Group photo taken with Misili Fai'ai the Mayor of the village of Olosega Manu'a. Thanks to Sau Levao a representative working for the Department of Marine and Wildlife Resources at Ta'u Manu'a and also to Carlo Caruso a representative from the National Park of American Samoa in Ofu for helping with the MPA Workshop for Ofu and Olosega.
Wednesday, May 18, 2011
Tafito Aitaoto, Lusila Minoneti and their recorder Kiso So'oto was assisting the Men's Group at the village of Ofu on the first day. The Men's Group came up with some threats to the marine environment such as; Technology. They mentioned that back in the days fishermen used dry coconut leaves (Sulu Aulama) as a flash light, but they mentioned that people can fish for 10 hours using the flash light, so people are overfishing. But back then fishermen only fish for 30 minutes to 1 hour depending on the dry coconut leaves or Sulu Aulama Light.
Selaina Tuimavave and Tepora Toliniu was assisting the women's group during the first day of the workshop. During the Historical Profile Activity women's from the village of Ofu mentioned some of the threats that they saw 10-20 years before that can affect the marine environment. They don't see some of the threats now days like people using Illegal Fishing methods such as Dynamite and Ava Niukini. Some other threats they mentioned were Sand Mining, Pollution (Trash), Natural Disasters and Oil Spill from boats and vessels that come to Ofu.
Maria Vaofanua and Lidwina Allen assisting the children from the village of Ofu Manu'a during the MPA Workshop that was held at Pita Ili's quest house. They were discussing threats to the Marine Environment at the village of Ofu. The community of Ofu was divided into 3 groups; Men's, Women's and the Youth, so Sione Lam Yuen Jr was the facilitator, Maria was assisting and Lidwina Allen was the recorder. This is the second day of the workshop and the first day we talked about the different Marine Resources that are found in the ocean of the village of Ofu with the Youth.
Monday, May 16, 2011
There were three main goals to the community representatives meeting on Day 4. First to discuss some of the lessons learned during the activities of the previous days. Secondly, to identify a strategy to implement the information gathered from the exchange in order to improve their own respective VMPA programs in each of their village and finally to provide and evaluation of the trip to help coordinate and plan future exchange visits. As a result of this meeting, it was clear from the group that government and village communities need to collaborate and communicate more in order to provide consistency and transparency in VMPA management activities. Both of these managing entities cannot be independent while working to implement VMPA's.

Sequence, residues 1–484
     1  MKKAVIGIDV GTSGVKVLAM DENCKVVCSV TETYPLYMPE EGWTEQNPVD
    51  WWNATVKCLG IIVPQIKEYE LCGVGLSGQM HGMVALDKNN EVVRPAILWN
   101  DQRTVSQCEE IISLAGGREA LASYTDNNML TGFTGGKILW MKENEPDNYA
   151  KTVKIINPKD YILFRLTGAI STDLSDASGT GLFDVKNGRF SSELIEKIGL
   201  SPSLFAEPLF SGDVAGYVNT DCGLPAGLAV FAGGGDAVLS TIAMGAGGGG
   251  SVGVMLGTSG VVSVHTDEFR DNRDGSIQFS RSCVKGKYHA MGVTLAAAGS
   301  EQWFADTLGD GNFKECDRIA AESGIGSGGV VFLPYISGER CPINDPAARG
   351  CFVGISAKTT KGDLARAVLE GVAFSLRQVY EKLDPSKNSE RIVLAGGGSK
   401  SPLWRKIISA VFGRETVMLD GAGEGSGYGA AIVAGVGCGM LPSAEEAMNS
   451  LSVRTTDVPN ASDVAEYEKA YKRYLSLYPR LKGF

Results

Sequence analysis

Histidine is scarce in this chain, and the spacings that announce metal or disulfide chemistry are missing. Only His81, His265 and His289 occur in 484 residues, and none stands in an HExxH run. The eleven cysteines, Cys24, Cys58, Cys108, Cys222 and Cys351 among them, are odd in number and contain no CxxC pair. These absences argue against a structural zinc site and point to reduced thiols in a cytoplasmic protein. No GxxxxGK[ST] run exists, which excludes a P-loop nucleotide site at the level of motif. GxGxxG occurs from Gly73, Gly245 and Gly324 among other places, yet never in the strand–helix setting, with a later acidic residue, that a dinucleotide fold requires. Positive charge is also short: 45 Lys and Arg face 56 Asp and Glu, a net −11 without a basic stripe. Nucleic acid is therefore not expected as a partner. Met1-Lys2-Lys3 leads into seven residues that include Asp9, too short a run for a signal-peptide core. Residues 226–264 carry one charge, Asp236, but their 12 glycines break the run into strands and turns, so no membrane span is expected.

The third day was spent with MNRE officials and their MPA communities. The group traveled to Aleipata district where Vailoa village welcomed the AS group during the third traditional ava ceremony of the trip. Aleipata district was the area of Western Samoa most affected by the tsunami in September 2009. Despite the massive devastation, there were signs of complete and near complete rebuilding of communities along the Aleipata coast. After the ava ceremony by Vailoa village, they hosted breakfast for the participants before participating in the day's information sharing with communities from the Aleipata and Safata districts.
At the end discussion session, Deputy Director of DMWR Fuafuaimealelei Tuaumu briefed the Falealili community on the Community-based Fishery Management Program (CFMP) in American Samoa. He explained the similarities and differences between CFMP and their existing programs in Falealili. He also elaborated on the importance of incentive programs such as the re-stocking of giant clams that situation in Apia where the giant clams from other Pacific islands like Fiji and Tonga. Tuaumu also reiterated that in the past when the American Samoa hatchery was in full operation. AS donated clams to Apia for this very purpose to provide MPA villages with clams to re-stock their reef area.
Upon arrival in Apia, the American Samoa group was greeted by MAFF, CEO, MNRE, ACEO and their staff during a ava ceremony held at the Fisheries conference room. During the ceremony government leaders were introduced from each of the ministries. After the ceremony, the government presented presentations on the different community-based MPA programs conducted by both ministries and how they differ. This provide the participants with background information about each MPA program and how they are facilitated by each of the respective government agencies.